In a subsequent study by the same investigators,21 318 patients with a decreased GFR were followed for 12 months for the development of LVH and for identification of risk factors that predicted LV growth. The incidence of de novo LVH was 10.6%, and 25% of the total group showed LV growth. Baseline LV mass index, decrease in hemoglobin, and increased systolic blood pressure were the primary predictors of LV growth.

As in ESRD, the two major modifiable risk factors for LVH in patients with decreased GFR are hypertension and anemia, and we will therefore focus on them.

Hypertension

End-Stage Renal Disease. The prevalence of hypertension in incident dialysis patients ranges from 70%-80%.22 Extracellular volume expansion is a major contributor to hypertension, but essential hypertension, activation of the renin-angiotensin axis, and activation of the sympathetic nervous system also play important roles. Observational data have confirmed that hypertension is associated with an increased risk for LVH, CHF, and CAD in patients with ESRD.20,25

Decreased GFR. There is also a high prevalence of hypertension in patients with a decreased GFR. Of those enrolled in the baseline portion of the Modification of Diet in Renal Disease (MDRD) Study,24 a randomized, controlled trial of the effect of protein restriction and strict blood pressure control on the progression of kidney disease, 83% were noted to have a history of hypertension. Predictors of hypertension in cross-sectional analysis, in decreasing order of importance, included a lower GFR, a higher body mass index, African American ethnicity, older age, and male gender.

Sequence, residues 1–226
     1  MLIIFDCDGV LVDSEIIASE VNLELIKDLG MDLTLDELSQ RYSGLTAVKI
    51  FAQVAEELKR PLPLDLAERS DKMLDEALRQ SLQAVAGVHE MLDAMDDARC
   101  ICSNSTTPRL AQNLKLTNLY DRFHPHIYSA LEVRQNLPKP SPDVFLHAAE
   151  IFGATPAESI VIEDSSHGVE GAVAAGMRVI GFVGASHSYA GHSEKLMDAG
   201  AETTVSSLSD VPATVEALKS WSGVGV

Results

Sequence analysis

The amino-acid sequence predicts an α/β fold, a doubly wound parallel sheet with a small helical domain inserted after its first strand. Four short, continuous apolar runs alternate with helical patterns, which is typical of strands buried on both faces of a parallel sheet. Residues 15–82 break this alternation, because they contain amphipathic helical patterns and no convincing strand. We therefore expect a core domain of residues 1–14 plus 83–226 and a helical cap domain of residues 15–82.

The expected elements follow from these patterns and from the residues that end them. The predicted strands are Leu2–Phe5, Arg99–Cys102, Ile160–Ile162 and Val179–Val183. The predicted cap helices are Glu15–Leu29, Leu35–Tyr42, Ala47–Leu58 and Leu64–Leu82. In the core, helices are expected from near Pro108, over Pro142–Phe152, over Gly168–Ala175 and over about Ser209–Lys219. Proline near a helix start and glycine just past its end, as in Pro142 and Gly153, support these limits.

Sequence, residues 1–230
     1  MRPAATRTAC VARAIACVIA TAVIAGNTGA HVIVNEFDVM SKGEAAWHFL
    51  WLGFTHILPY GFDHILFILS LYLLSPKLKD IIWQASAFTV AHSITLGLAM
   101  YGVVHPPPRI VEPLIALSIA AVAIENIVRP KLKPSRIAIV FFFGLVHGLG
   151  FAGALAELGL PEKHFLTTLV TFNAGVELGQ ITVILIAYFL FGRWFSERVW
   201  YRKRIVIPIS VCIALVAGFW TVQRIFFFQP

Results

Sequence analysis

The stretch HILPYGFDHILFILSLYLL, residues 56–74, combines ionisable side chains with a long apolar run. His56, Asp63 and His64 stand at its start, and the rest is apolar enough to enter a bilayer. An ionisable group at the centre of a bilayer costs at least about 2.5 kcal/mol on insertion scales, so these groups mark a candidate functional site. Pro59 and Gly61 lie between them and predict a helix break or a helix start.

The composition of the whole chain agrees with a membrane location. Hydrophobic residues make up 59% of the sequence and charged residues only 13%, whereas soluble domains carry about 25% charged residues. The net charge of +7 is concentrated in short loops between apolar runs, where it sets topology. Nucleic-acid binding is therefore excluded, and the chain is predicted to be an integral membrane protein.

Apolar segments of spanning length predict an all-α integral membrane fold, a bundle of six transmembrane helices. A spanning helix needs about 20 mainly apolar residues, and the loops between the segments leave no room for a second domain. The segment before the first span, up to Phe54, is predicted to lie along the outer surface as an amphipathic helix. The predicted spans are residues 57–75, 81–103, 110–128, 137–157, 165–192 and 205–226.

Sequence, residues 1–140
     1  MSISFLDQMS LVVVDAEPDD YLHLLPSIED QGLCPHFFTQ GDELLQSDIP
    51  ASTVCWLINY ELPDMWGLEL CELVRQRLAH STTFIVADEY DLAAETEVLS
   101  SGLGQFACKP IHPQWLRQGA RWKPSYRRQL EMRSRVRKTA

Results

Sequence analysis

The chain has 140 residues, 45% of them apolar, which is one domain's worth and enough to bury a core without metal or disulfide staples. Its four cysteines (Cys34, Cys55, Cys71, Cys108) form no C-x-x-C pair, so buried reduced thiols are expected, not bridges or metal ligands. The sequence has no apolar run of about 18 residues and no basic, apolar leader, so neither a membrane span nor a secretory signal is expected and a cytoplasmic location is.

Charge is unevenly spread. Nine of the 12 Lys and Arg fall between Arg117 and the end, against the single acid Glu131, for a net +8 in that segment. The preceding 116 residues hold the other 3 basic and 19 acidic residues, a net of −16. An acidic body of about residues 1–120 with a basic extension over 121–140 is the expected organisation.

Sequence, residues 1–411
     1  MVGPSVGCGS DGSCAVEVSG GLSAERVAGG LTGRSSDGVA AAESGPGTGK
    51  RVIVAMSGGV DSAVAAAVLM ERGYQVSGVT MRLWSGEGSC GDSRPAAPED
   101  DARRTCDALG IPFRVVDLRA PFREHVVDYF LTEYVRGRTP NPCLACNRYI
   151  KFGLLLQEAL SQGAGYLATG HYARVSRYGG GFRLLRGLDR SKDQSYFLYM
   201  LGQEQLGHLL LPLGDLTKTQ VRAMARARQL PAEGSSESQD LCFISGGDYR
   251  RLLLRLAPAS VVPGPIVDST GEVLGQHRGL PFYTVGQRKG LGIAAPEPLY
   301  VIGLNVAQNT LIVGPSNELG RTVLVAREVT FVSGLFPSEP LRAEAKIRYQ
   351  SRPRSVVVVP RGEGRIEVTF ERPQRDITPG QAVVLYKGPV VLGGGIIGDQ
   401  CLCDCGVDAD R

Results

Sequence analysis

Anemia

Anemia-Induced LVH. Anemia results in LVH through several mechanisms. The primary mechanism is a hypoxia-induced increase in cardiac output mediated through increased preload due to an increase in venous return. This, in turn, is due to a decrease in hematocrit and blood viscosity, as well as an increase in sympathetic venoconstriction. Anemia also results in diminished arterial resistance and afterload, purportedly due to recruitment of new vessels by formation of collaterals and arteriovenous shunts secondary to hypoxia-generated metabolites, as well as to endothelial cell-mediated activities. Increased preload, decreased afterload, and  hypoxia-induced tachycardia all lead to increased LV end-diastolic volume and high stroke volume, increasing cardiac work and resulting in LVH.25 In an otherwise healthy patient, such effects are adaptive and reversible, but in the presence of comorbidity, such as  hypertension, diabetes mellitus, or renal failure, the structural changes are less reversible and often lead to maladaptive hypertrophy.